My daughter is reading Great Expectations. Don’t tell her teacher, but she hates it. Not the story, necessarily. She actually likes the plot. It’s the long pages of wordiness and tedious talk that is about to make her go crazy. She spends way too much time reading me excerpts to prove how dull it is. I agree with her. The book, and the topic, are tedious and complicated. Expectations, in general, are like that.
I think there is no better time to talk about EXPECTATIONS than around one’s birthday. I feel like this has notoriously been a time that I set myself up for some major disappointment if I don’t have my expectations in check. Birthday celebrations are really important to me. Specifically, MY birthday celebration is really important to me. And more specifically, how my family behaves, responds and treats me all day long on MY birthday is really important to me. I probably don’t have to tell you that this leads to some disappointing birthday “celebrations”. It’s not because my family doesn’t love me or appreciate me on this momentous day. I always get gifts and cards and a dinner out at some point during my birthday week. I realize that is more than a lot of other people get. But my expectations are so high that I am pretty sure that most humans could not even begin to fill my “birthday shaped” chasm of neediness on this one day.
This year I finally wised up. I finally faced the fact that my expectations were setting me up for serious resentments. So I did what any smart girl would under the circumstances—I called my momma! Of all the people I knew to spend time with on my birthday, I knew she had the capacity to exceed my expectations. So, I arranged to spend the day and even over-night at her house about an hour away. My dad knew that it’s best to just “stay out of our way” so he came here and helped manage the kids and their schedules. We ate and shopped and ate again and went to the movies in the middle of a Thursday and then went home and watched another movie while she rubbed my feet! It was perfect.
Someone once said that “an expectation is a premeditated resentment.”
We know that some people are incapable of following through, yet for some reason we expect them to show up and even be there on time. We are disappointed. We have experienced stressful, chaotic holiday dinners year after year, yet this year we expect that maybe they will be different. We are disappointed. We expect tenderness or understanding or affection from a spouse who does not have it in them to give out. We are disappointed. We expect (and this is a big one) our kids to say thank you for providing a nice meal, doing their laundry, or running to the store for the last minute item for the project they forgot about. We are disappointed. We expect people in general to be respectful to us. To be kind to all. To be patient. To behave like we think they should. We are majorly disappointed.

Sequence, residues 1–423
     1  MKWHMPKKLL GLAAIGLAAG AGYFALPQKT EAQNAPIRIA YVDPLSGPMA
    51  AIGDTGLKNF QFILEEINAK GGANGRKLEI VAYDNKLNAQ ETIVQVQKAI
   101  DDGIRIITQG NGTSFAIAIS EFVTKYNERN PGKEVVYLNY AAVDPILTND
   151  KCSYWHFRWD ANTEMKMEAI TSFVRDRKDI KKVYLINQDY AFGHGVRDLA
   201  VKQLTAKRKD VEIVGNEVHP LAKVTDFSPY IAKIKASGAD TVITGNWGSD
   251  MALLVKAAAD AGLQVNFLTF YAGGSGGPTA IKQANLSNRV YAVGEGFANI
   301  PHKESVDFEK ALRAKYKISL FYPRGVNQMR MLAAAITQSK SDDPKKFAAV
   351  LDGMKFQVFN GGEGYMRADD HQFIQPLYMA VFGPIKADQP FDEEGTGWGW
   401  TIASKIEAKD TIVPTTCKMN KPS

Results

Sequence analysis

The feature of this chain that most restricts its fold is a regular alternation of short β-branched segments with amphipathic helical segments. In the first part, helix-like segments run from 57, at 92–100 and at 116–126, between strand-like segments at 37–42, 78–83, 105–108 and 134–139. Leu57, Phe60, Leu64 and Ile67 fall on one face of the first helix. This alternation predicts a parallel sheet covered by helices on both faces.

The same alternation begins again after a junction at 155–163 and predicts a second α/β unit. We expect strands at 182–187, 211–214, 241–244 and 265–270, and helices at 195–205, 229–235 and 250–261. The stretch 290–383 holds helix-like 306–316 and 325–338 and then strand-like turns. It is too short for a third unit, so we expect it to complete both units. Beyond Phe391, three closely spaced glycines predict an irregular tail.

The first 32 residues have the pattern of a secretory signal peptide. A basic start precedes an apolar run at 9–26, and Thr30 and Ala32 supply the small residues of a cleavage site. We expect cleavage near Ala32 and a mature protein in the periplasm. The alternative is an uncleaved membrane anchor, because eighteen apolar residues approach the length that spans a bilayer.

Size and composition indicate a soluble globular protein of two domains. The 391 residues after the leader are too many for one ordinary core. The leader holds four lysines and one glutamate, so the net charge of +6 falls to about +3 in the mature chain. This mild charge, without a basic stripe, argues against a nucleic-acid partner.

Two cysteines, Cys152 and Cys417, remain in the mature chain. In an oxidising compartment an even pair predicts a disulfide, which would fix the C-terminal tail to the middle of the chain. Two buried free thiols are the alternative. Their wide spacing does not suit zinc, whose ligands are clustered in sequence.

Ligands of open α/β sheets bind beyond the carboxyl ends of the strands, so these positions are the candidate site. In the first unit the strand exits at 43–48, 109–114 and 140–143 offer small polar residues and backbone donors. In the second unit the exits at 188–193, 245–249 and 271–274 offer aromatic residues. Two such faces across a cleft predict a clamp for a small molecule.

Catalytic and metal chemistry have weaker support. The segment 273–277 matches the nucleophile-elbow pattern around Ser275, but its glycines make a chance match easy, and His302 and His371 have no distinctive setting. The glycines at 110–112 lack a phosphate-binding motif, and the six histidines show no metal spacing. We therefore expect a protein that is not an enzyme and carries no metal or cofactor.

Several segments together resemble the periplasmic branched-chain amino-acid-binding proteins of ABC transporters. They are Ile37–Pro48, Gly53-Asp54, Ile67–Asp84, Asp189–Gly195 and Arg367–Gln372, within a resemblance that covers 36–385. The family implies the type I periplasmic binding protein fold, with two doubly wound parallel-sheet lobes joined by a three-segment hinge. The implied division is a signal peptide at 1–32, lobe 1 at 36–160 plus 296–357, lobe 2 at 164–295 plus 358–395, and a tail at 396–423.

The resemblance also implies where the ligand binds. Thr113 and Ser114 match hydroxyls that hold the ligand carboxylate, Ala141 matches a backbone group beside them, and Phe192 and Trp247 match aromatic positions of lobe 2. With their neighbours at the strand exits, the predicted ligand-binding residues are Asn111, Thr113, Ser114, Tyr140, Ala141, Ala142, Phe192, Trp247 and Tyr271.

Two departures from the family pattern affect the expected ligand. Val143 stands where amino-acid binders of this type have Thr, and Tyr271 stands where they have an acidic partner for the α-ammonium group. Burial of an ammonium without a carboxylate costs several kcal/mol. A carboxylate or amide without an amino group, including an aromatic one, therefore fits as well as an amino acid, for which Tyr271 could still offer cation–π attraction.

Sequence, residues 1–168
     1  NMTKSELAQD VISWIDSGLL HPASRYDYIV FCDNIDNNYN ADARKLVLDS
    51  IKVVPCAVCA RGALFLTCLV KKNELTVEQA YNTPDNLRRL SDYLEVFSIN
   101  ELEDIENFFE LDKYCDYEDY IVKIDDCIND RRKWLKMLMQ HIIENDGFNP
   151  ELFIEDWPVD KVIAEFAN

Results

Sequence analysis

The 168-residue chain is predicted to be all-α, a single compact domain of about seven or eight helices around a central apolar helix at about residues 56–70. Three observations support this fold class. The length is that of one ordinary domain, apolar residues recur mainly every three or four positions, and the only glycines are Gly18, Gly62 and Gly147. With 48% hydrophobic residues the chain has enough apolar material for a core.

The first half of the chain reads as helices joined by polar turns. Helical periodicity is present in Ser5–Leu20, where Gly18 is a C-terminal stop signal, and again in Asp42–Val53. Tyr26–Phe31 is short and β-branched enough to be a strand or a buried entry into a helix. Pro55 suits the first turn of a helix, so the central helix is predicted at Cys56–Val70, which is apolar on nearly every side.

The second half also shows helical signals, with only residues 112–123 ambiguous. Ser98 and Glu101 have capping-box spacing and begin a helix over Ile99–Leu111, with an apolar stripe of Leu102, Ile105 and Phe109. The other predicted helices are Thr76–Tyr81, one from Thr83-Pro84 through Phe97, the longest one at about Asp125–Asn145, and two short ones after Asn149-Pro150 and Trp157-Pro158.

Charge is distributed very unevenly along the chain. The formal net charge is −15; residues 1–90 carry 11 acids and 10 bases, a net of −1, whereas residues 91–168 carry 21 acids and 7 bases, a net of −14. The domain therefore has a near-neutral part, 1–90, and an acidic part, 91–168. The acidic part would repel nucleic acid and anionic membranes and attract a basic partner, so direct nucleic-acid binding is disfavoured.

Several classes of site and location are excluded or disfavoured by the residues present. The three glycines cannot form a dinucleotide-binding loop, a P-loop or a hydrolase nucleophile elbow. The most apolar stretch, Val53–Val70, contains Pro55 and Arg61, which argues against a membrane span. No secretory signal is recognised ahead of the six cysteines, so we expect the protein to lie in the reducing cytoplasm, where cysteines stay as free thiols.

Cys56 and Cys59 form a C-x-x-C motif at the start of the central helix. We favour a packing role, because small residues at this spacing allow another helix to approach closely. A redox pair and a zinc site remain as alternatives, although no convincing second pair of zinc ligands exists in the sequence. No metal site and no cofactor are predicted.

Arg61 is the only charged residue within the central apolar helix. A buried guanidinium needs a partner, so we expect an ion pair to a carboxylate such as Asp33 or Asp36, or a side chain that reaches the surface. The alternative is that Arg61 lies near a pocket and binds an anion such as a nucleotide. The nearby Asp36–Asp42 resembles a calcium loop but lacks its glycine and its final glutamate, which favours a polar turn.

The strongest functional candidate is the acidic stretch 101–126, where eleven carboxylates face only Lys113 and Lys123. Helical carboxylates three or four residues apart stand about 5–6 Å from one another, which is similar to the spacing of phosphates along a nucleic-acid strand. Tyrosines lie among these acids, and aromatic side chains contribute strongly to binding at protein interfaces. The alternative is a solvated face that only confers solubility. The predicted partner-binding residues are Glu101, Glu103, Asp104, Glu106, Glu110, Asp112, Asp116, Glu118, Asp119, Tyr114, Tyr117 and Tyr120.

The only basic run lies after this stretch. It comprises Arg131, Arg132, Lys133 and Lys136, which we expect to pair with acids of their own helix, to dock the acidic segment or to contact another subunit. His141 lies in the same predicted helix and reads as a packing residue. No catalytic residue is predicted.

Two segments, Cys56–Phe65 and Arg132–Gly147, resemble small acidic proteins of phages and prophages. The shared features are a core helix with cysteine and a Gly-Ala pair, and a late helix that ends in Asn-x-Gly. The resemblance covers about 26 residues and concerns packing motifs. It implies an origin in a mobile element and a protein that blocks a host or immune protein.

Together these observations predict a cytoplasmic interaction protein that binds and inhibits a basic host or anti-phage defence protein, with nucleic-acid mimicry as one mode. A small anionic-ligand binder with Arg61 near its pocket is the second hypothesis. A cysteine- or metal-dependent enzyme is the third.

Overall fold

I used to get very put out when someone would suggest my expectations were too high. That I should lower them. What I have come to learn is that there is a difference between expectations and standards. And more importantly, I have no right to impose either of them on other people.
Even when I have high standards for how I behave and how I allow others to treat me, it doesn’t always mean that I should expect those to be met. Sometimes there are really good reasons why they can’t be. I can be compassionate when this happens. And I can accept the reality of what others are able to give.
They say the level of disappointment we live with is directly related to the distance between our expectations and reality. Lowering, or adjusting, my expectations of others doesn’t mean I have to accept unacceptable behavior. It’s a way of taking care of my own soul and preventing those premeditated resentments.
(Stay tuned for the expectations we put on ourselves. Those are even more brutal!)